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Front Garden Project


Some of the varieties in the garden

How we did it? 

This year, Trinity Grace decided to rehabilitate a plot of church lawn, planting it with wildflowers and pollinator beds, to attract beneficial insects and birds in the neighbourhood. In addition, repurposing the lawn would contribute to plant biodiversity, support the soil food web, enrich the soil, and improve water use and retention over time, by increasing organic matter and promoting aeration.


As our garden has grown through its various phases, our neighbours have noticed and many have stopped by to comment on or chat about our process and our progress. Because of that response, we are sharing our journey of transformation and renewal. Here’s part one, how we planned, installed and seeded our new garden space. 

Planning the Installation

Given our resources, we went with a sheet mulch installation technique, which in our case involved layering cardboard on top of the lawn, and then placing soil or compost on top of the cardboard. The cardboard deprives the grass of light and so smothers it, but eventually biodegrades so that water and plant roots can penetrate and soil microbes and worms can emerge.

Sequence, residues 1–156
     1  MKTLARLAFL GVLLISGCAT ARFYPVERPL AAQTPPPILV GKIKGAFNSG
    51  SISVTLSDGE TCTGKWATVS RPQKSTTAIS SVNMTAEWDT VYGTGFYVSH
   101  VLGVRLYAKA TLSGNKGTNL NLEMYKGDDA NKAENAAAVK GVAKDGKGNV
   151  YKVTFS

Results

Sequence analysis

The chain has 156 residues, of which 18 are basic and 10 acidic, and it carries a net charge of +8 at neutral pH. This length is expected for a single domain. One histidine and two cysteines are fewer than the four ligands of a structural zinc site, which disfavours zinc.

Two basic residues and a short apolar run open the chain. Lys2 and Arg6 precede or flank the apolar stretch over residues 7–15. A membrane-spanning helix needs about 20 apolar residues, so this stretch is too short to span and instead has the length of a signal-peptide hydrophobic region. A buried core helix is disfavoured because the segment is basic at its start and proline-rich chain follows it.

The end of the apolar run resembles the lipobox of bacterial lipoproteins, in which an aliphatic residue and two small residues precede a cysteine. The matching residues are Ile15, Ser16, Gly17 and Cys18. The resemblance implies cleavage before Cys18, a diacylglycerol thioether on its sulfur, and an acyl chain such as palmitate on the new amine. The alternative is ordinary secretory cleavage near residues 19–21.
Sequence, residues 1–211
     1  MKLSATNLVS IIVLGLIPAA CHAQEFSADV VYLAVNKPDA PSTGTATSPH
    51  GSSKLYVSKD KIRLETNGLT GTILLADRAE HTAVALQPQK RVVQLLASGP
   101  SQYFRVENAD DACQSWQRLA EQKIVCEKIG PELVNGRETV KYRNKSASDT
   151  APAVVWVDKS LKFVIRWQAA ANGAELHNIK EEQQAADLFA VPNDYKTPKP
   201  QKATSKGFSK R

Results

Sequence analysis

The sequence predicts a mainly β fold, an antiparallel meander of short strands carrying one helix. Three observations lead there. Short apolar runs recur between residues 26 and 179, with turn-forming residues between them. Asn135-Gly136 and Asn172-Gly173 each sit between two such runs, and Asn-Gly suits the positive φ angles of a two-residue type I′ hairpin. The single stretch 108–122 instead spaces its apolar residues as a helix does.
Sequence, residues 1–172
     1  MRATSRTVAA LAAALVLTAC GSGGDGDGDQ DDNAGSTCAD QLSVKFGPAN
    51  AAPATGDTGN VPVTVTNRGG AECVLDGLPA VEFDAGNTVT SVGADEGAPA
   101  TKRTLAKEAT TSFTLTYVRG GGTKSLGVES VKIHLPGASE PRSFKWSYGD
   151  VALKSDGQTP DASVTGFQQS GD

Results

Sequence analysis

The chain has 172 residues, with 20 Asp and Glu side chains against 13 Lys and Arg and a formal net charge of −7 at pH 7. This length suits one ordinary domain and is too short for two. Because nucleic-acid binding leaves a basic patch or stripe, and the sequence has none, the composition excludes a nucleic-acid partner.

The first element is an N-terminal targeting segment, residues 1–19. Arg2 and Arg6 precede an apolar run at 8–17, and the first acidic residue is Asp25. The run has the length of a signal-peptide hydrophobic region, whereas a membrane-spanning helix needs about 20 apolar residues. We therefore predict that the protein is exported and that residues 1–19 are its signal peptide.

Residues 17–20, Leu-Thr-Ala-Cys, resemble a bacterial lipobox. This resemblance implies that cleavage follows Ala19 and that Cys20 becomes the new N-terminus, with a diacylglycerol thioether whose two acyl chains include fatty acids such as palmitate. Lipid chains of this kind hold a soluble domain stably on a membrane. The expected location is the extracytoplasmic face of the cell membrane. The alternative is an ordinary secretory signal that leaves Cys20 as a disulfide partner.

Where we planned to plant was bordered by a walkway, sidewalk, established flower border, and more lawn. For the installation, we wanted to feather out the edges so they would meet the existing grade; we also understood that with sheet mulching, the edges are most vulnerable to grass reestablishing. With all that in mind, we cut and flipped the sod in a six-inch strip around the perimeter of the target area.


Since part of that area is sloped, we also were concerned about losing material to washout, so we chose to use some discarded, non-corrugated cardboard with a slightly rough surface, hoping it would conform better to the slight slope and contour of the area, break down quicker, and decrease the likelihood of material slippage or washout. Setting the stage in March, we were well aware that our site could be exposed to heavy Vancouver rain before the plants were established enough to hold the soil in place.